Please note this is a work in progress, I will probably write up the problem/solution itself at a later date (but at my current rate of write-ups, maybe not!)
Just here for code? Git repo.
This is a followup on my last post about enhancing images using a generative adversarial autoencoder structure. This post is about how it was done, and we provide code to hopefully let the reader replicate the results.
This project was done in Theano, and closely follows the code given for the DCGAN paper of Alec Radford et al. I refactored some things to make it easier to change things around, and I had to change the architecture a bit. I originally tried porting the code over to Lasagne, a library built on top of Theano, but decided that it was only slowing me down doing this. After this project I have started to think that sadly, for small experimental projects using novel techniques, working with small simple modules over Theano is quicker than trying to twist your code to fit some given library.
(edit1 : this got to the top of r/machinelearning, check out the comments for some discussion)
Recently a very impressive paper came out which produced some extremely life-like images generated from a neural network. Since I wrote a post about convolutional autoencoders about 9 months ago, I have been thinking about the problem of how one could upscale or ‘enhance’ an image, CSI-style, by using a neural network to fill in the missing pixels. I was therefore very interested while reading this paper, as one of its predecessors was attempting to do just that (albeit in a much more extreme way, generating images from essentially 4 pixels).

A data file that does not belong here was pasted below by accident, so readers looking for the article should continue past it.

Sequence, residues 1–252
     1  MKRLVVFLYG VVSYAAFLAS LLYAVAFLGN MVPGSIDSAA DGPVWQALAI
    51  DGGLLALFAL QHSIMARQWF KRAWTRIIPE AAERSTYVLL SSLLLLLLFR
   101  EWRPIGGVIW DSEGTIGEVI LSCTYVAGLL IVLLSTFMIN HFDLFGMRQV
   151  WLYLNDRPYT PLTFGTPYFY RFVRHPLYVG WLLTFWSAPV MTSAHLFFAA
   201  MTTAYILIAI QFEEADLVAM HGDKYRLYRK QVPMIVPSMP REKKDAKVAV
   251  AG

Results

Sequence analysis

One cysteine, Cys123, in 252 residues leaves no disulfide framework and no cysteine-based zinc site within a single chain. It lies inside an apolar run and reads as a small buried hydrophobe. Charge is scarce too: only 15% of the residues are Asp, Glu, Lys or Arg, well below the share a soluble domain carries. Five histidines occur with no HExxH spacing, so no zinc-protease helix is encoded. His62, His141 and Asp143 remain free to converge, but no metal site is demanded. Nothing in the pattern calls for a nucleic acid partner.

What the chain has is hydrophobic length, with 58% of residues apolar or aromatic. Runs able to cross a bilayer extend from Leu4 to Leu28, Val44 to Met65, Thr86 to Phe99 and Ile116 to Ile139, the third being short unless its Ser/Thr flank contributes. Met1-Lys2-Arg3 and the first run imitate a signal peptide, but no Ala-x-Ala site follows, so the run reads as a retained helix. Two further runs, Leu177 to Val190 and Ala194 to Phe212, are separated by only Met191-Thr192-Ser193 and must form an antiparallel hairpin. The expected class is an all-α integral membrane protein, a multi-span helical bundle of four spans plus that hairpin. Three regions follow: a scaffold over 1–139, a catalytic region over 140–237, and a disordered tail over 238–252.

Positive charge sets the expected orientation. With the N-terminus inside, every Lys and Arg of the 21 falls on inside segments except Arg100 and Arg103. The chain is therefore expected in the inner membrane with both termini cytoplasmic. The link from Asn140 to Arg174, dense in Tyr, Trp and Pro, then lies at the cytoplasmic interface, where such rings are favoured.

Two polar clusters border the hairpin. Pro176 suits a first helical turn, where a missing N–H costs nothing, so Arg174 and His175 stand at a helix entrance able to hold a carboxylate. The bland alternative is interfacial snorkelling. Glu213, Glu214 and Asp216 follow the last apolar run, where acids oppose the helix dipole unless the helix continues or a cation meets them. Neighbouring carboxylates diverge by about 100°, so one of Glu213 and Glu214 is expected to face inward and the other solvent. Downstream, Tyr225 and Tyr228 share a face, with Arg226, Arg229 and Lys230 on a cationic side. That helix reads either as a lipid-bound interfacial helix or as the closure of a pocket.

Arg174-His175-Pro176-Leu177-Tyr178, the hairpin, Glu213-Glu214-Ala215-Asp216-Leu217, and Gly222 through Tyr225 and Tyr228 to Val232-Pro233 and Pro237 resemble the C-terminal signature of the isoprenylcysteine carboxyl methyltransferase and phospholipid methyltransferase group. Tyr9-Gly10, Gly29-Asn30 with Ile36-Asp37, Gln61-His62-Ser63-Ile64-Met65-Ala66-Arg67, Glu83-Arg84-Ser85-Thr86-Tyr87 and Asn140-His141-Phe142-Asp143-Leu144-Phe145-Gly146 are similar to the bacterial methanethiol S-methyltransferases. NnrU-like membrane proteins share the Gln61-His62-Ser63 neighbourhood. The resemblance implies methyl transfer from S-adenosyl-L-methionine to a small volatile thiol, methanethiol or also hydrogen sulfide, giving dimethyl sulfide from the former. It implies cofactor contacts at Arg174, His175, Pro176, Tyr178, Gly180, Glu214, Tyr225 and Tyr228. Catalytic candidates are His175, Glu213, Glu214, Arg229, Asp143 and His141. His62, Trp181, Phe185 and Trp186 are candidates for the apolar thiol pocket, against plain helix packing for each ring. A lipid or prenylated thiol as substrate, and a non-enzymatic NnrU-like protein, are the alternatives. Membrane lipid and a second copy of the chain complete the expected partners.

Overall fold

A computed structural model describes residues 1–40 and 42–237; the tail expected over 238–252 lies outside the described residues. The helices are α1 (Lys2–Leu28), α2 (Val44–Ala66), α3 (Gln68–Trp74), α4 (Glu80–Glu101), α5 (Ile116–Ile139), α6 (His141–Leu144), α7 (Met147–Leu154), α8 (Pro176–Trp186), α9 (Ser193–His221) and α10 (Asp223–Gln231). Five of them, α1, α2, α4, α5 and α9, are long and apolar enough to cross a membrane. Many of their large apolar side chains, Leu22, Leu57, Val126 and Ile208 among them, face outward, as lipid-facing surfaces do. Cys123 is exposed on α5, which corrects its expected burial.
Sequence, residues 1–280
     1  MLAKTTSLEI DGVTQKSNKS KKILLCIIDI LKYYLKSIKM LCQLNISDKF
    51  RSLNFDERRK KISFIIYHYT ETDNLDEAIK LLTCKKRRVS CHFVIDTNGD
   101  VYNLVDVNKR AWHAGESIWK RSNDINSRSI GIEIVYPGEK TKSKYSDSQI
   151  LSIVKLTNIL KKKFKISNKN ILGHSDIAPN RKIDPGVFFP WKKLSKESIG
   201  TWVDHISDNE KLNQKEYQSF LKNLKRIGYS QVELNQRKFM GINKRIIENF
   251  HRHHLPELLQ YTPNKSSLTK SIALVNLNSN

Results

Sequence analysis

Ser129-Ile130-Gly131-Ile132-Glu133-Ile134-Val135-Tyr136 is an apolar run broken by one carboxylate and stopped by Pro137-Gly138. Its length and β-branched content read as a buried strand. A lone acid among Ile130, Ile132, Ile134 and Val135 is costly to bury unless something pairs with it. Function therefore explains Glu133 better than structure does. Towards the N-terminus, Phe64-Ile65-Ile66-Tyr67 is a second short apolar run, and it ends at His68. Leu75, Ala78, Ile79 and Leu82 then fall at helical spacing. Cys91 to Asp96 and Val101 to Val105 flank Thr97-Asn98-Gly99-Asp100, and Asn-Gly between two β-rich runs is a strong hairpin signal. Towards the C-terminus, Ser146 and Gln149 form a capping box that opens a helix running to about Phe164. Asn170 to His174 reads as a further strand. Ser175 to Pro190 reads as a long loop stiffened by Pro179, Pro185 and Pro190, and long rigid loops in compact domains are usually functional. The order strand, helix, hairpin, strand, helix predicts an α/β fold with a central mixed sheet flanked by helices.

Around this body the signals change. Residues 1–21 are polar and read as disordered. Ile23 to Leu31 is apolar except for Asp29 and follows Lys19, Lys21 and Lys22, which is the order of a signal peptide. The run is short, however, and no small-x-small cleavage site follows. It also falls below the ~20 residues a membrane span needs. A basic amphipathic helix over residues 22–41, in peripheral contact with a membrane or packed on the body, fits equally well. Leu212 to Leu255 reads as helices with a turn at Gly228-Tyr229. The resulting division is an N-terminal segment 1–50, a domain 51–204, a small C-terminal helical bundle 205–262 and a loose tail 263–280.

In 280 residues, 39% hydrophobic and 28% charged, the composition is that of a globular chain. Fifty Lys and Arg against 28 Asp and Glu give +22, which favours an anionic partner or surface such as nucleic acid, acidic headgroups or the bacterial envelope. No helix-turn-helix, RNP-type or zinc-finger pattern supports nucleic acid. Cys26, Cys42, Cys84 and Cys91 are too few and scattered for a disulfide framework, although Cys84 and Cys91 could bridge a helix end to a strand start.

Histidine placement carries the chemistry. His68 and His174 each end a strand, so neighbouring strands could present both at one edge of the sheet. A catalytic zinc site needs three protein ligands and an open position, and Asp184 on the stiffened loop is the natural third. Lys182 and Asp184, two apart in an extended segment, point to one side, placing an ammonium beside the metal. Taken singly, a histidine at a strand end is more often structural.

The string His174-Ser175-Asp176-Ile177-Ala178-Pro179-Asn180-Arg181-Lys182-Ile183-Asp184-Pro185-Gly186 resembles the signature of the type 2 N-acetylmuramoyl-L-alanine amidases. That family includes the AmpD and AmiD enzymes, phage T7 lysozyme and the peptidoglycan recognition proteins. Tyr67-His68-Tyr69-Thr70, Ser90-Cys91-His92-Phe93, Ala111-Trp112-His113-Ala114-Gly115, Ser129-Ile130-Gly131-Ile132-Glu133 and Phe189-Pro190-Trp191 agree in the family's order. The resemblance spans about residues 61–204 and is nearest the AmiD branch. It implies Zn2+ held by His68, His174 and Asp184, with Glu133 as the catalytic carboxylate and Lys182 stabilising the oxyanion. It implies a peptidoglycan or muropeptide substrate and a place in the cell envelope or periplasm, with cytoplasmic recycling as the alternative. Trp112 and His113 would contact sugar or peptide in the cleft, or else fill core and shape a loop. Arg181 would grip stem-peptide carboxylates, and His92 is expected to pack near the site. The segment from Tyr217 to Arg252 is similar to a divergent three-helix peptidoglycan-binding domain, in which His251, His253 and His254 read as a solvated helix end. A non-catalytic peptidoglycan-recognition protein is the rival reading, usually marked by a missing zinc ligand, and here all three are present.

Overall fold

Using this as inspiration, I built a neural network with the DCGAN structure in Theano, and trained it on a large set of images of celebrities. Here is an example of a random outputs, the original images are on the left, the grainy images fed into the neural network in the middle, and the outputs on the right.
N.B. this image is large, you should open and zoom in to really see the detail / lack of detail produced by the DCGAN, I certainly do not claim the DCGAN did phenomenally well on pixel level detail (although occasionally I’d say it did a pretty impressive job, particularly with things like hair)
Back in March 2015, I wrote a post where I visualised a large amount of reddit comments, by looking for buzzwords over time and plotting them as a wordcloud. Now that 2015 is over, I decided to plot the remainder of that year.
I made a few small tweaks to the original algorithm. For example, when looking to see how ‘surprising’ a given word is for a given month, the algorithm now looks at the last 12 months to see how prevalent it was (rather than the 12 months of the year, which is less chronological in a way). For aesthetic reasons, I also made sure that each word was only emphasised in one of the months (otherwise ‘Trump’ got ever more buzzword-y over time, and showed up in a lot of the different months).